Measure Description

Ecological Footprint measures the resources Edmontonians consume and the waste they produce. This measure is calculated by considering all of the biological materials consumed and all of the biological waste generated nationally per person, using the international, peer-reviewed methodology and standards developed by the Global Footprint Network (an international research agency).

The national footprint is converted to represent Edmonton’s footprint by using a combination of Edmonton-specific household expenditure data (food, shelter, transportation, goods and services and government services) and physical energy use data. The data comes from several government sources and surveys that are conducted or published at varying time intervals. Data collected is typically in the form of mailout surveys, such as the National Household Survey and the Canadian Census.

As a result, there are limitations and lags in reporting frequency and timing. Ecological footprint is one measure of sustainability but should not be considered an all-inclusive sustainability measure as it does not account for issues such as water consumption. An external consultant calculated detailed results for 2012. The 2012 results were then used as a baseline to back-cast the 2010 and 2011 values, and calculate the 2013, 2014, 2015, and 2016 results, adjusted for consumption values. As the City has limited control over Edmontonians’ consumption behaviour, Ecological Footprint is considered an indicator.

Measure Importance

The ecological footprint measure puts a number on some of the environmental impacts of Edmontonians’ consumption. The measure is representative of the sustainability of Edmontonians’ lifestyles. The less Edmontonians consume, the less waste is produced; a lower ecological footprint implies a more sustainable lifestyle.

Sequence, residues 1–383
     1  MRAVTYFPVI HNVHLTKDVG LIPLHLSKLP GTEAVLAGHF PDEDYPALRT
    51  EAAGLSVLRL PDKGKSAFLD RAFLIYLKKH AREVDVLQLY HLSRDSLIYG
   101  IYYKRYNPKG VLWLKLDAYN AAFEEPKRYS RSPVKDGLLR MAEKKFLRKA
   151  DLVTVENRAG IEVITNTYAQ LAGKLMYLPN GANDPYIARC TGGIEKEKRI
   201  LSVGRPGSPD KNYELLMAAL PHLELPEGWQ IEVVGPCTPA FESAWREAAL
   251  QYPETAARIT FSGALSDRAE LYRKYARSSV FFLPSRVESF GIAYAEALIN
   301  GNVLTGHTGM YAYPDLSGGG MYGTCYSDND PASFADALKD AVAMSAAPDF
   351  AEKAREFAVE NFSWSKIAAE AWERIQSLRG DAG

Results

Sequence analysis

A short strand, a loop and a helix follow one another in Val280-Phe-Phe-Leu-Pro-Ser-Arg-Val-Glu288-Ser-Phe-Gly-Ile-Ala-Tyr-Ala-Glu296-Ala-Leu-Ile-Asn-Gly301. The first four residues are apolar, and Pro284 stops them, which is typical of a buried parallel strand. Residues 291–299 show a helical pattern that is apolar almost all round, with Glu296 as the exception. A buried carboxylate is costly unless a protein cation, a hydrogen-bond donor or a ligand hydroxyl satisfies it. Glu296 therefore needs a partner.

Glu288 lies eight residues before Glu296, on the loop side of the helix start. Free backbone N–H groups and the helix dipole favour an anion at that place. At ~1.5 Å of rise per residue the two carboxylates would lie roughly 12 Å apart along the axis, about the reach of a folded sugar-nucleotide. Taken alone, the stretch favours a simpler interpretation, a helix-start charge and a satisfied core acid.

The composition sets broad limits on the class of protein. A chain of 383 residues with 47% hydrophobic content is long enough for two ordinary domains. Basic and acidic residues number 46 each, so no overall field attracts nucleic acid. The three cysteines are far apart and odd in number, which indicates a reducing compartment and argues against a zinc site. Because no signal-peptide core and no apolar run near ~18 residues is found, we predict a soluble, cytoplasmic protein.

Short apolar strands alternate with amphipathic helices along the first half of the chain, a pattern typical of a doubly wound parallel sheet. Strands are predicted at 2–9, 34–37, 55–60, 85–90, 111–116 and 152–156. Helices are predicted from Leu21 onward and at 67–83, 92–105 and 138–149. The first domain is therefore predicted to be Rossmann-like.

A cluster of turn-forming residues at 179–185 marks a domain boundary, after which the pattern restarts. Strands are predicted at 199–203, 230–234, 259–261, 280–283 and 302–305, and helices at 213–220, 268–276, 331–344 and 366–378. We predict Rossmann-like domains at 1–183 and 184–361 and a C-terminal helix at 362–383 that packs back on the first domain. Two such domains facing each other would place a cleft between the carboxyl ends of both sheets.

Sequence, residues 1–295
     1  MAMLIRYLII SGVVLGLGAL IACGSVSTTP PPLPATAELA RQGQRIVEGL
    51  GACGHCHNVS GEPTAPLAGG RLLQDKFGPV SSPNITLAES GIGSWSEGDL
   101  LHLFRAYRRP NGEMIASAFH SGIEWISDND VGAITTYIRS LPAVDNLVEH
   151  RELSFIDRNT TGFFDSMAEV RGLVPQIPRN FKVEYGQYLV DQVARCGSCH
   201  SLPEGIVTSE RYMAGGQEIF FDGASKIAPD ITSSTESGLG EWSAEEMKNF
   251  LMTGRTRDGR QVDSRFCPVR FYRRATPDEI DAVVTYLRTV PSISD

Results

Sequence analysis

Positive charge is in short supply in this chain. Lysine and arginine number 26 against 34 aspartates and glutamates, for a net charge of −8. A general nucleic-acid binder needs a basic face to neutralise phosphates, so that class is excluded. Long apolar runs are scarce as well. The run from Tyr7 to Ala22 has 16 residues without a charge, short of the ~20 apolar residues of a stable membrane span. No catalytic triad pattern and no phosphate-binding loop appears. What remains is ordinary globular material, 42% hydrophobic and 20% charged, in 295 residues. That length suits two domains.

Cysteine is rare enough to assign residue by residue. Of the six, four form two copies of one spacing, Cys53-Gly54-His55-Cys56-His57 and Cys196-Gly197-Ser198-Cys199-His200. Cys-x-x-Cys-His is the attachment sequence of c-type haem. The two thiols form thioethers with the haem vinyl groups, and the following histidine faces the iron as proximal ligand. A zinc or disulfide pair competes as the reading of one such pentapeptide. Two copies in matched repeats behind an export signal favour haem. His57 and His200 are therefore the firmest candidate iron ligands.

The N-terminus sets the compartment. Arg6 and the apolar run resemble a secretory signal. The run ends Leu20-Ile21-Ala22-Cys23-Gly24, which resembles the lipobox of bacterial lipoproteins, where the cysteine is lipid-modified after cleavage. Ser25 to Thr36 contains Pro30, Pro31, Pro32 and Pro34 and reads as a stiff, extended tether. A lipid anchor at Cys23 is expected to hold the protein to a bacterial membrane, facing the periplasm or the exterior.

Historical Data

Data sources: Anielski Management Inc., and ASM Consulting

Explanation of Performance

Edmonton’s ecological footprint in 2017 was 7.76 hectares per capita. This 2017 value is essentially unchanged when compared to 2016. The trend since 2010 is downward, with a decrease of 14 percent.

Edmonton’s ecological footprint can be compared with the national and global footprint averages, as well as the global biocapacity of Earth (what Earth can regenerate and absorb each year). One indicator of sustainability would be reflected by a global footprint equal to or less than Earth’s global biocapacity of 1.7 global hectares per person. Edmonton’s ecological footprint is 4.5 times larger than the global biocapacity and almost 3 times larger than the global average of 2.71 global hectares per capita. Even though Edmonton’s ecological footprint is down, the city has a large footprint compared to the global average.
The main drivers of Edmonton’s ecological footprint are Edmontonians’ average consumption practices and use of fossil fuels (55 percent of Canada’s ecological footprint is related to carbon). This measure is impacted by Edmontonians’ lifestyles and choices, the degree to which they are environmentally sustainable and population.
Initiatives that contributed positively to Ecological Footprint include the Growth Coordination Strategy implementation, Nodes and Corridors Planning, and Edmonton’s Community Energy Transition Strategy. These initiatives contributed positively by promoting higher density (which promotes less consumption of fossil fuels), sustainable transportation (fewer fossil fuels consumed), renewable energy, and energy efficiency (fewer fossil fuels consumed).

Useful Links

Check out the City's Environmental Strategic Plan, The Way We Green:

On-line version - State of the Environment Report:

Printable version - State of the Environment Report:

For information about the City's strategic plan, The Way Ahead: